About boat maker Marcel LaFond
Marcel LaFond grew up on a lake in central Minnesota, west of St. Cloud. That’s where his fascination for boats began. But it wasn’t until a stint at the revered Landing School in Maine that he got serious about the business.
“That was the beginning,” he said. “I’ve spent many years since then trying to put something together.”
The result is the Symphony Boat Co., which he started four years ago while working at fuselage engineering at Cirrus Design in Duluth.
“The people at Cirrus will tell you,” he said. “All I talked about were boats.”
It makes sense, he said, since much of the terminology for planes has been borrowed from boat making.LaFond worked at several boat and yacht companies before landing in Duluth. He has provided engineering support to Great Lakes lakers, as well as advice on U.S. Coast Guard vessel maintenance and drydocking.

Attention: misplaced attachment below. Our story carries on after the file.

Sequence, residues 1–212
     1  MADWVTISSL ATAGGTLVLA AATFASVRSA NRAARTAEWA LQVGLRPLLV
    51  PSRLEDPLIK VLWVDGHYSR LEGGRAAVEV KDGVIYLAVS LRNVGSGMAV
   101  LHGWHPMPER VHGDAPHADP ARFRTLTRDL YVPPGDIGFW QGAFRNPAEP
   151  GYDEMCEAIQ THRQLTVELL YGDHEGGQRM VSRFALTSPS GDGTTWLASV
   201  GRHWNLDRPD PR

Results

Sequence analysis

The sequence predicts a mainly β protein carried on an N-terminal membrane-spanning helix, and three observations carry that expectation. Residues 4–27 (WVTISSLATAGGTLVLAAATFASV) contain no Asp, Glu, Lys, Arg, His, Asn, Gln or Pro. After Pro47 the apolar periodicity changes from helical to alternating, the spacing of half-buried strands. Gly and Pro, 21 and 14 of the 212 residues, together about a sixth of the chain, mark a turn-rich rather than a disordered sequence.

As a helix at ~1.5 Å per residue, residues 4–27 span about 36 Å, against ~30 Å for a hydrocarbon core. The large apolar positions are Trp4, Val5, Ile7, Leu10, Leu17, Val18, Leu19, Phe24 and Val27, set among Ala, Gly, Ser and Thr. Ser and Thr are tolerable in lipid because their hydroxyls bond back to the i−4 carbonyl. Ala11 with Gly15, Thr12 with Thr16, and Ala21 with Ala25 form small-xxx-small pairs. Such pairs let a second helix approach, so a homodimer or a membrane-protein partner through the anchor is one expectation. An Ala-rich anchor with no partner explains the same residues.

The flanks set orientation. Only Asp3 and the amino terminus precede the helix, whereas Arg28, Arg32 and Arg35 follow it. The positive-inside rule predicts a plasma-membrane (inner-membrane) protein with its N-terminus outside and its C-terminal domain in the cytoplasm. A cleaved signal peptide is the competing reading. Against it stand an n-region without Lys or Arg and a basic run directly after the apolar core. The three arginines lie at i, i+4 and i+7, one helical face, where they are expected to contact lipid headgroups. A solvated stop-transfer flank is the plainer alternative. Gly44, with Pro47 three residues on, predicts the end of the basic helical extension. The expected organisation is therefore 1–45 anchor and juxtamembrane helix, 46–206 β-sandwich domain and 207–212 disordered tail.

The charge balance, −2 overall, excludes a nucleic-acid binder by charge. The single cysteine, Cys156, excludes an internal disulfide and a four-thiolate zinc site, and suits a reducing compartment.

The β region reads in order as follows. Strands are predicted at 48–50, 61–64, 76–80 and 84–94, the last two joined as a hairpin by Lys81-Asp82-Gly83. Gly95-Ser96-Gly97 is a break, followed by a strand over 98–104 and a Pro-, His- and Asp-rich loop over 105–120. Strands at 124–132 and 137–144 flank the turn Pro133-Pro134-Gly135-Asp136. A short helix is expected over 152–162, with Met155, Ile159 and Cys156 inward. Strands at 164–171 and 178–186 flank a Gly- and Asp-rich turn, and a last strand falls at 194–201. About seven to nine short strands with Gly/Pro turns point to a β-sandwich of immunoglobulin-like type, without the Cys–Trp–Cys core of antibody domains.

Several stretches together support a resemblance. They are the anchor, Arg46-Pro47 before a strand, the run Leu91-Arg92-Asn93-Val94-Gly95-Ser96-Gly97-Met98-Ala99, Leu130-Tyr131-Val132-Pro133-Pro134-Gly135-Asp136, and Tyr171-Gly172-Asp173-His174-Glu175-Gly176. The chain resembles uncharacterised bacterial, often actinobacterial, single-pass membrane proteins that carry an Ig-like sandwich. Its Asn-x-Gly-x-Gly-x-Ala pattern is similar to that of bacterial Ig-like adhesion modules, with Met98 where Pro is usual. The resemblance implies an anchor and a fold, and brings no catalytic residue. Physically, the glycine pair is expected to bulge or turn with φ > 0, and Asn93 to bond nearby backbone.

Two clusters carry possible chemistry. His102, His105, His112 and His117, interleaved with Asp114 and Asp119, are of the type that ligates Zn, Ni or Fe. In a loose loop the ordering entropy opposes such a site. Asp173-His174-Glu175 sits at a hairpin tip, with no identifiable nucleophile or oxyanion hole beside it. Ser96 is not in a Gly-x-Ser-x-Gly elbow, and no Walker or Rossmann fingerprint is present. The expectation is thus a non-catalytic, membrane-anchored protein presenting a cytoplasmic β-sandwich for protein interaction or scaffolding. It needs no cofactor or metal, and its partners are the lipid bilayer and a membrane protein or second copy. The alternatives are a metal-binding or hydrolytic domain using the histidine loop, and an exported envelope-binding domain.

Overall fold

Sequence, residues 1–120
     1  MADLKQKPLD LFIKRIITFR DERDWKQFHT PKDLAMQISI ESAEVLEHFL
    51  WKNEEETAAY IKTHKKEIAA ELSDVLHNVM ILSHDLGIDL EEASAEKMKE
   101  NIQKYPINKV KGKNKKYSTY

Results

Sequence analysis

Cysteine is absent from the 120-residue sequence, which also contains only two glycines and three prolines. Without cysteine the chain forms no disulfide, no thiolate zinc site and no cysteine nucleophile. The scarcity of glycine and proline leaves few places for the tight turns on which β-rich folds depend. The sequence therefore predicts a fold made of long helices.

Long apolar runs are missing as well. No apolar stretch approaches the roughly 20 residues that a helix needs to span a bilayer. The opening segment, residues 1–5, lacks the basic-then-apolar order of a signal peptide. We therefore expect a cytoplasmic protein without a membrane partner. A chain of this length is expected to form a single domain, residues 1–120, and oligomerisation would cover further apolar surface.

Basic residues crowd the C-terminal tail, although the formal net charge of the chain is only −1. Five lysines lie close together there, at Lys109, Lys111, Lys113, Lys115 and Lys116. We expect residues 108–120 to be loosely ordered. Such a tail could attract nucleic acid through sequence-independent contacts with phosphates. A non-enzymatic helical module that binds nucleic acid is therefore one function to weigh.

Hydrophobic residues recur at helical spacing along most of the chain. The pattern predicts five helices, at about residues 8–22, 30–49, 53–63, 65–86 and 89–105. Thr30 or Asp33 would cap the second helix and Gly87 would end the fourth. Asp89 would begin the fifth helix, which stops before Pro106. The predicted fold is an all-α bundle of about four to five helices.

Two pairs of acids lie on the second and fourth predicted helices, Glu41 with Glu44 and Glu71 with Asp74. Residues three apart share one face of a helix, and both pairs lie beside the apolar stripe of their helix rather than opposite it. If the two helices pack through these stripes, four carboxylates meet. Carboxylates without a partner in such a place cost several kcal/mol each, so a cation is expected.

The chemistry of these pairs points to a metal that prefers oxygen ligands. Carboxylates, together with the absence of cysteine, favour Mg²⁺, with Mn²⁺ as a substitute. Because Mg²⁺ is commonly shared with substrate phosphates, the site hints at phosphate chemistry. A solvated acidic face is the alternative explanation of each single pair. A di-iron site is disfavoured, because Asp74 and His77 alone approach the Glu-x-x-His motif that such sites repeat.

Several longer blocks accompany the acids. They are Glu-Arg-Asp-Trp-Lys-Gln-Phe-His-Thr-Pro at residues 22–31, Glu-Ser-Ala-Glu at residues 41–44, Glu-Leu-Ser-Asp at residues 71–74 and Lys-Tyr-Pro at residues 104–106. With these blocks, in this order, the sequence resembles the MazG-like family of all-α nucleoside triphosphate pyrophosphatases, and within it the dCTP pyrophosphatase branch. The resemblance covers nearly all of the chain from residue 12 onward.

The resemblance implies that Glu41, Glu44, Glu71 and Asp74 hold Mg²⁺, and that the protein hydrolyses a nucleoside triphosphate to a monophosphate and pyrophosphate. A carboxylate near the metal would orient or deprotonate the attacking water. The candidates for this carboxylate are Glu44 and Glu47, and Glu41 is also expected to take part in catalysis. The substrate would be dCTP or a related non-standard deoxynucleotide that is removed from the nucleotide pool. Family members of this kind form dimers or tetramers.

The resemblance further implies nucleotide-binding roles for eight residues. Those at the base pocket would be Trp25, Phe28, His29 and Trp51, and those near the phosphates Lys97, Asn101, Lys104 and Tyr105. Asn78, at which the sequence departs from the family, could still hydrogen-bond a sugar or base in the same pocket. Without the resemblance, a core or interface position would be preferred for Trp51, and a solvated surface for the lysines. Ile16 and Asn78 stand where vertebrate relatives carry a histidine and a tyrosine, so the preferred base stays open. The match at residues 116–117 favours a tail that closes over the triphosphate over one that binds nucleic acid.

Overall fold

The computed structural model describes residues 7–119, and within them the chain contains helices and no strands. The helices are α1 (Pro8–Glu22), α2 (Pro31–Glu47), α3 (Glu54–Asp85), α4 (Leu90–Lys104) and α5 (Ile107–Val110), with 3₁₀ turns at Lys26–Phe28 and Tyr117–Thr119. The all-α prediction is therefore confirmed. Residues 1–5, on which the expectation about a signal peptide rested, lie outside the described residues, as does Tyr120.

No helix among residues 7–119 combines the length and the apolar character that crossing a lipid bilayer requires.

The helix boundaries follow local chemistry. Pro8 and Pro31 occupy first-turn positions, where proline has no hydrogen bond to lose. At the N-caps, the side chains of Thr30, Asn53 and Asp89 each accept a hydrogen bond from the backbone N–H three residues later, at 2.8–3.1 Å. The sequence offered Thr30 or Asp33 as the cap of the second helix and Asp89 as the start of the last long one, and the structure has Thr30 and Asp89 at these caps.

LaFond has also sailed in the Chicago to Mackinac Island race and the Trans-Superior, a run between Sault Ste. Marie and Duluth.
Symphony has examples of two models out on local water, the Overture and Elektra. Each features simple wooden interiors that make them stand out from any model of boat out there. They include bamboo from Vietnam and mahogany from Africa.
The 20-foot Elektra is powered by an electric motor and operates through propulsion. Symphony will offer a variety of propulsion systems depending on what the customer is comfortable with.
“They are quiet, there is no noise,” Symphony writes in its promotion for the boat. “Those days of expensive fill-ups at the marina are over.”
The Overture is your more standard hull boat, but LaFond is quick to point out that the aluminum skins are bonded and not riveted. He gets precision shapes by using the latest computer design and cutting techniques, he said. That saves on costs. The Overtures will sell in the upper $20,000 range. An Elektra will start at about $35,000, LaFond said.